Colorectal cancer diagnostic study of choice
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Colorectal cancer diagnostic study of choice On the Web
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To view the staging of familial adenomatous polyposis (FAP), click here
To view the staging of hereditary nonpolyposis colorectal cancer (HNPCC), click here
Editor-In-Chief: C. Michael Gibson, M.S., M.D.  Associate Editor(s)-in-Chief: ; Roukoz A. Karam, M.D. Saarah T. Alkhairy, M.D.; Elliot B. Tapper, M.D.
Diagnostic Study of Choice
Study of choice
A colonoscopy checks for polyps and other abnormalities in the entire colon and rectum. A colonoscopy has the advantage that if polyps are found during the procedure they can be immediately removed, and the tissue can also be taken for biopsy. The American Society for Gastrointestinal Endoscopy has released quality indicators for screening colonoscopy, which include:
- Documentation of prep quality
- Photo documentation of cecal intubation
- Withdrawal time of 6 minutes or more
- Adenoma detection rate of greater than 25% in males and 15% in females greater than 50 years old.
A biopsy can be performed when a suspected lesion is found on colonoscopy. The biopsy specimen is examined for histologic changes and tissue differentiation. Well-differentiated lesions have a good prognosis compared to poorly and undifferentiated lesions.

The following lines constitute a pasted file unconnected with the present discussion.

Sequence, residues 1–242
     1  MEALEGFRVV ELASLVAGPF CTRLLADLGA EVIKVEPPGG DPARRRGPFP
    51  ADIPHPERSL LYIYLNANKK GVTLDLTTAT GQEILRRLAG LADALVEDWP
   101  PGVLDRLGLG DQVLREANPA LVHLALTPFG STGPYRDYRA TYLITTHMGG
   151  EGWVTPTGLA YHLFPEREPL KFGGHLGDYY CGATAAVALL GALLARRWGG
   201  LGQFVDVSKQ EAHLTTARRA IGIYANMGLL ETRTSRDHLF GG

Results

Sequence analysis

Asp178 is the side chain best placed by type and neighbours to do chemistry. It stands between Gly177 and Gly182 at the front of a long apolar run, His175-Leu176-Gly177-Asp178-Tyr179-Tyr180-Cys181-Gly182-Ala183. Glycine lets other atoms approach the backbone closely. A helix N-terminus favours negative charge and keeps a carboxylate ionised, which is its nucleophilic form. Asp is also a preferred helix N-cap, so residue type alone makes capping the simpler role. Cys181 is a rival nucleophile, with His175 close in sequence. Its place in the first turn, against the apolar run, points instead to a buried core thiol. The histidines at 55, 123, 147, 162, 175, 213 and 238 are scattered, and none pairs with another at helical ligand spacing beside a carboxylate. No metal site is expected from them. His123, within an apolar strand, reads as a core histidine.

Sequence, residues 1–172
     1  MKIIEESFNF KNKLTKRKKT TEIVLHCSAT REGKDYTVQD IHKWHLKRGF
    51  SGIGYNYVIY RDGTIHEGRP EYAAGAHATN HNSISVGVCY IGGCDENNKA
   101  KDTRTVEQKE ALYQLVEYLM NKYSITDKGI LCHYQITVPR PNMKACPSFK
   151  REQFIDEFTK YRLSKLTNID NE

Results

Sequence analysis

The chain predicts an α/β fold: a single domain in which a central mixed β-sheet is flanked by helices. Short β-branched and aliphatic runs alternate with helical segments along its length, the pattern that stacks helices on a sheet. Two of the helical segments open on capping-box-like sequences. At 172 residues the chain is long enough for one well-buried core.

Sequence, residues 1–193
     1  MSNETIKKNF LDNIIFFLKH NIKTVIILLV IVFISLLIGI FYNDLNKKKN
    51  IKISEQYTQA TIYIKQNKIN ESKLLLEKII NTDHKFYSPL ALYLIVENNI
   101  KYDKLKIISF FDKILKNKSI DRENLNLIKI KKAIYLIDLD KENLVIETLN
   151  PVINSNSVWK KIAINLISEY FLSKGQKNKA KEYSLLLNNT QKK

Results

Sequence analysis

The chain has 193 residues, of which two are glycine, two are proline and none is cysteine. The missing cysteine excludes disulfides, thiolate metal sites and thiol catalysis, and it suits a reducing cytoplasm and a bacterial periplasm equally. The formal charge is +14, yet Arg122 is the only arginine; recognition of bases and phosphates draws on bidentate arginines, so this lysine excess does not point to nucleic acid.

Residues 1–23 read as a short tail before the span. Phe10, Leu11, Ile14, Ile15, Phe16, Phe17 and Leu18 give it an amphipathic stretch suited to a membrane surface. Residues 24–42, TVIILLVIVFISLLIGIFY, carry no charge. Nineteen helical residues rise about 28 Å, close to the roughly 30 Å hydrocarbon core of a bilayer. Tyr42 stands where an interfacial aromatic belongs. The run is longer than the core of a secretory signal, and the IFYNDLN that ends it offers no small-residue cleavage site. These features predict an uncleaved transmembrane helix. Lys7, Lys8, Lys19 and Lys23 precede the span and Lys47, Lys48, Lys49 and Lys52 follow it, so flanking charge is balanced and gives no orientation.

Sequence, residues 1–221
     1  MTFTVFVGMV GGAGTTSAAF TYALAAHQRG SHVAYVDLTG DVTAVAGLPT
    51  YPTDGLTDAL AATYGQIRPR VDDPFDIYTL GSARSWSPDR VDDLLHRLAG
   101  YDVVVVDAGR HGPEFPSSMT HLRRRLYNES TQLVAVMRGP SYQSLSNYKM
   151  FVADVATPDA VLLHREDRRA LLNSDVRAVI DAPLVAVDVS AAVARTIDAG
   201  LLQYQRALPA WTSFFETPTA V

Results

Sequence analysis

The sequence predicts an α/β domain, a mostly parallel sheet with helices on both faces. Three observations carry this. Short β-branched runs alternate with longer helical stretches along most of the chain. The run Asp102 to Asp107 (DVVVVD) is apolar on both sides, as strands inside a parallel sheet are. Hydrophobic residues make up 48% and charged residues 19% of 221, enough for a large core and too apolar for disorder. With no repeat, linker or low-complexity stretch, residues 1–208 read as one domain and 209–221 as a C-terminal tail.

Colorectal Cancer Staging
- Staging of colorectal cancer is calculated after the diagnosis has been established in order to assess treatment and prognosis.
- Definitive staging can only be achieved after surgery has been performed and pathology reports have been reviewed.
- The most recent revision (2017) of the tumor, node, metastasis staging system (TNM) proposed by the American Joint Committe on Cancer and the Union for International Cancer Control is widely used.
- This staging system depends on 3 main factors including the size of the tumor (T), the degree of lymph node involvement (N), and the presence or absence of distant metastasis (M).
|T - Primary tumor|
|TX||Primary tumor cannot be assessed|
|T0||No evidence of primary tumor|
|Tis||Carcinoma in situ (intraepithelial or invasion of lamina propria)|
|T1||Tumor invades the submucosa|
|T2||Tumor invades the muscularis propria|
|T3||Tumor invades through the muscularis propria into subserosa or into pericolic/perirectal tissues|
|T4||Tumor directly invades other organs and/or perforates visceral peritoneum|
|T4a||Tumor perforates through the visceral peritoneum|
|T4b||Tumor directly invades other organs|
|N - Regional lymph nodes|
|NX||Regional lymph nodes cannot be assessed|
|N0||No regional lymph node metastasis|
|N1||Metastasis to one to three regional lymph nodes|
|N1a||Metastasis to one regional lymph node|
|N1b||Metastasis to two or three regional lymph nodes|
|N1c||Negative regional lymph nodes, but spread into areas of fat near the lymph nodes|
|N2||Metastasis to four or more regional lymph nodes|
|N2a||Metastasis to four to six regional lymph nodes|
|N2b||Metastasis to seven or more regional lymph nodes|
|M - Distant metastasis|
|MX||Distant metastasis cannot be assessed|
|M0||No distant metastasis|
|M1a||Metastasis to one organ/site without peritoneal metastasis|
|M1b||Metastasis to two or more organs/sites without peritoneal metastasis|
|M1c||Metastasis to the peritoneal surface and/or metastasis to other organs/sites|
|Stage IVA||any T||any M||M1a|
|Stage IVB||any T||any M||M1b|
|Stage IVC||any T||any M||M1c|